Shin Splints Treatment.
The key element of treatment is an arch support to prop up the foot and prevent excessive pronation and pull on the tendon. Many people do well with a simple commercial arch support. This usually solves the problem almost immediately. Others who have a more serious problem may need an orthotic device to control the pronation.
TIP
To help prevent shin splints, start exercising slowly to warm up the leg muscles, wear athletic shoes with good support and run on a softer surface, for example, changing from asphalt to grass every few runs.

8 Ankle Sprain.
The most common ankle sprain happens when the foot rolls to the outside and sprains the ligaments on the outside of the ankle. The outside of the ankle swells up and throbs, and may turn black and blue around the injury.
When a jogger steps gently off a curb and “twists” an ankle, this simply stretches the ligaments, with no real tearing, and is considered a mild sprain. When a tennis player lunges out over a poorly planted foot, partially tearing the body of the ligament, this is considered a moderate sprain. When a rugby player lands on another player’s foot, twisting and forcing the ankle violently into the pitch, most or all of the fibres tear, and this is a severe sprain. If weight-bearing is possible on the ankle after a sprain, the ankle probably is not broken. If you feel pain on the inside of the ankle, then it should be x-rayed to rule out a hair-line fracture.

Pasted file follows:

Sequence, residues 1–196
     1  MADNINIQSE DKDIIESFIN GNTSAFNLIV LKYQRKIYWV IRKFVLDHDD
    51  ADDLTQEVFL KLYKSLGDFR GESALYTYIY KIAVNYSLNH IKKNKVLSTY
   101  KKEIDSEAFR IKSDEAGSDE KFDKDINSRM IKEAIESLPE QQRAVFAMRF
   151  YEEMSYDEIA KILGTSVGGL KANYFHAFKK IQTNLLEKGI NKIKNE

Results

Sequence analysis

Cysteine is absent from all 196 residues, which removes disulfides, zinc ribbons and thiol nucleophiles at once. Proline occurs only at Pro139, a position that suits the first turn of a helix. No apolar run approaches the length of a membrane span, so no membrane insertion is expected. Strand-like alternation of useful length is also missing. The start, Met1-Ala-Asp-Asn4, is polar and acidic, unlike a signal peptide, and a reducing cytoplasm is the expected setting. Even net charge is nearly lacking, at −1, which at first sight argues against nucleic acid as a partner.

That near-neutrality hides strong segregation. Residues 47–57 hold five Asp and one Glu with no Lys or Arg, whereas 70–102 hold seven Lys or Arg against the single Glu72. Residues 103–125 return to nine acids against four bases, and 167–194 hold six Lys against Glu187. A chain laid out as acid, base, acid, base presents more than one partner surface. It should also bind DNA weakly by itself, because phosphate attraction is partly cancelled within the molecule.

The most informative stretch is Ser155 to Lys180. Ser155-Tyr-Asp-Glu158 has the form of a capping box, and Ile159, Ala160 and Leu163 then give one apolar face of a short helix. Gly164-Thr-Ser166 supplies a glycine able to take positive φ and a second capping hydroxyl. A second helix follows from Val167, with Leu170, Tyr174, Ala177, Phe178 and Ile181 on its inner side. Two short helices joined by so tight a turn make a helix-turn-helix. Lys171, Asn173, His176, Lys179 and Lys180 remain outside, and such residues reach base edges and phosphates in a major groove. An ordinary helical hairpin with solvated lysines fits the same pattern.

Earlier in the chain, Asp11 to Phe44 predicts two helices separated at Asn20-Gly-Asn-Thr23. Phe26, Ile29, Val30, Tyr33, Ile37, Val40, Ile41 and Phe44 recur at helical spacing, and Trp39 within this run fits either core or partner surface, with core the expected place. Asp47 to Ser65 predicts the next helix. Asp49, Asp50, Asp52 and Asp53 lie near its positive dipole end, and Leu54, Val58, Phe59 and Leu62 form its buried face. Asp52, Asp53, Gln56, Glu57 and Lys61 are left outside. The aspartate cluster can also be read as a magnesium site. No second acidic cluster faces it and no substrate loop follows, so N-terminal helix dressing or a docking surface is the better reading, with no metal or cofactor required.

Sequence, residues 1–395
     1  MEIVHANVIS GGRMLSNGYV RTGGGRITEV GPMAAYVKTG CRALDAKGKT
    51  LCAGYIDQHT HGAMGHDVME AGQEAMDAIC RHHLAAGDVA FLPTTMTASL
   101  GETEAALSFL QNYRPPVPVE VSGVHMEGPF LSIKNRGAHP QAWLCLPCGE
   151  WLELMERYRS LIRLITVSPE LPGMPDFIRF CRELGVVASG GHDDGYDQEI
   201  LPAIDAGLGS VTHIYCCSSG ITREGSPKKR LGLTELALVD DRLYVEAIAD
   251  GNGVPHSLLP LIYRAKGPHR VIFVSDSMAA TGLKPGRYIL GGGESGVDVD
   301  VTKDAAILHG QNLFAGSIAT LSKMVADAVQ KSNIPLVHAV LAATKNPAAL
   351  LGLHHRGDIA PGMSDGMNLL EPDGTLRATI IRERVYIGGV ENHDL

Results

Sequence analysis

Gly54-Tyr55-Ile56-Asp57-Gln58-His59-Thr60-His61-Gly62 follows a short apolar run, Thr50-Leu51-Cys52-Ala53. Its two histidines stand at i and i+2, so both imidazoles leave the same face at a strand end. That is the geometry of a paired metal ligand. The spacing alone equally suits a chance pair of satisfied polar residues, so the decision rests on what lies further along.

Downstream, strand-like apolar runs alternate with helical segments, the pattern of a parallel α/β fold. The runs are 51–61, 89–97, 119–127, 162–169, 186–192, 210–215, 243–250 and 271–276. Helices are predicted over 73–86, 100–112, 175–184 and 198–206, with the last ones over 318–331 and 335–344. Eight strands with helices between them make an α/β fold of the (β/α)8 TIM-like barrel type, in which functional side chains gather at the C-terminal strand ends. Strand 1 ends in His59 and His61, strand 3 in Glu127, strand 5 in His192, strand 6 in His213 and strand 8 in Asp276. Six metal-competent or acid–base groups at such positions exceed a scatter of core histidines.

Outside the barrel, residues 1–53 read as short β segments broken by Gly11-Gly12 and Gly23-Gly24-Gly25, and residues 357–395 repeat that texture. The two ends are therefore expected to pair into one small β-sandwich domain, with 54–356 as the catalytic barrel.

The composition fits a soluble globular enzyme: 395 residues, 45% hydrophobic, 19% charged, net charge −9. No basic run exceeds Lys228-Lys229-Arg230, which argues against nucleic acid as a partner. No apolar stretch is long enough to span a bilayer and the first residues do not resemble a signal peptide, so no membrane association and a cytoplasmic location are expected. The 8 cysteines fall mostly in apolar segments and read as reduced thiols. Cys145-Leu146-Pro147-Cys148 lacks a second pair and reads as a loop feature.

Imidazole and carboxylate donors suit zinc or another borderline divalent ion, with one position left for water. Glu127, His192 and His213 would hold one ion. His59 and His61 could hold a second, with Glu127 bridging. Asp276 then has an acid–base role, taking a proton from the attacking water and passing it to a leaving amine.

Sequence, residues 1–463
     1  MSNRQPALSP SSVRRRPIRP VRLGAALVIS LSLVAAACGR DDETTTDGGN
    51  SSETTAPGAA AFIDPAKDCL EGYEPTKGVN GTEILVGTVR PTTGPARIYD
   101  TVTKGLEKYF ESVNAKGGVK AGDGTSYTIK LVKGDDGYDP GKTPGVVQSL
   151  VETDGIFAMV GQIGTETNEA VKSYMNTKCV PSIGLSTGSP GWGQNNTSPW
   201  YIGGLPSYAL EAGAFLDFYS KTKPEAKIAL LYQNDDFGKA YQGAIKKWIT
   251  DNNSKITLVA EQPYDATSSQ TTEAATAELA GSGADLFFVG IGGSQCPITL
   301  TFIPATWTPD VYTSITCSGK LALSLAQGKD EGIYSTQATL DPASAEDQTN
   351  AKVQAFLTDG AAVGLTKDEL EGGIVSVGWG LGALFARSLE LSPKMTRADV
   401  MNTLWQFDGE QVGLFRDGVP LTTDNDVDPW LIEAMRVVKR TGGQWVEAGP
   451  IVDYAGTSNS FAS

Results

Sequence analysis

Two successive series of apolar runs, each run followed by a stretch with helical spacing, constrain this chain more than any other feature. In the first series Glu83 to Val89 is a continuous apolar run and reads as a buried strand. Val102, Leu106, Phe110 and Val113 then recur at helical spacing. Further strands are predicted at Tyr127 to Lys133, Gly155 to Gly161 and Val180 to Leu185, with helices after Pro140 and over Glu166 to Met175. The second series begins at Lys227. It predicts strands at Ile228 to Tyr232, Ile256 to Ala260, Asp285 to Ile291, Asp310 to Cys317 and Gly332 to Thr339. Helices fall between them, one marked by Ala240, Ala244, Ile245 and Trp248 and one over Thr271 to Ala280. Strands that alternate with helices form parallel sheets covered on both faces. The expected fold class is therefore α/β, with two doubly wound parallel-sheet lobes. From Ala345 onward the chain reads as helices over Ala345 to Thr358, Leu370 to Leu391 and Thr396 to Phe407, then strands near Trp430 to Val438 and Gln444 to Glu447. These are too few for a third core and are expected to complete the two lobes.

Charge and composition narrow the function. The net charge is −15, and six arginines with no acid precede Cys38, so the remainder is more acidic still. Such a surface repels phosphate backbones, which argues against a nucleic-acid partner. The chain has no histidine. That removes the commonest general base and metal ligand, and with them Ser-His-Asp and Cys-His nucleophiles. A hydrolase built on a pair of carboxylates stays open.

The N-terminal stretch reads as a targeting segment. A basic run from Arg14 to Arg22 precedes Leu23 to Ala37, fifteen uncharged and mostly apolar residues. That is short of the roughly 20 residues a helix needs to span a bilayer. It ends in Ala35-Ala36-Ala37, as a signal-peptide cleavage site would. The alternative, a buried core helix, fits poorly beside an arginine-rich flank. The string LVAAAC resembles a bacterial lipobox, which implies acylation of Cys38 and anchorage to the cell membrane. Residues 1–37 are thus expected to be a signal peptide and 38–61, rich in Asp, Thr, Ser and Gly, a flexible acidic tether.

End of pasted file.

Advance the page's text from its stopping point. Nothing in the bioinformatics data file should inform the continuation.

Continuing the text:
Ankle Sprain Treatment
The tried and tested treatment for any ankle sprain is R.I.C.E: Rest, Ice, Elevation and Compression. The goal is to limit internal bleeding and cut down on swelling. As soon as tolerable, begin range of motion and strengthening exercises. These can help overcome stiffness and restore mobility. To do this, sit in a chair and cross the affected leg over the other leg at the knee. Using the big toe as a pointer, trace the capital letters of the alphabet from A to Z. Hold the big toe rigid so all the motion comes from the ankle. Repeat this exercise hourly, if possible. The letters will be very small at first but they will increase in size as range of motion improves. A good strengthening exercise is light kicking in a pool with a kick board or swim fin to create resistance.
TIP
Balance training is an important part of rehabilitation. Practice balancing on one foot with the arms extended to the sides without swaying, first with the eyes open, then the eyes closed.

9  Achilles Tendinitis.
The Achilles tendon in the back of the ankle is the largest tendon in the body. It transfers the force of muscle contractions to lift the heel. Achilles tendinitis is an inflammation of the tendon, usually due to overuse, such as frequent jumping in basketball or volleyball. The most common cause is excessive pronation of the ankle and foot, which causes the Achilles tendon to pull off centre.The pain of a torn Achilles tendon feels like a gsw in the leg. A partial tear is harder to spot. If the width of the injured Achilles tendon is smaller than the healthy one, or you feel intense pain when standing on your toes, see a doctor for treatment, and possibly surgery.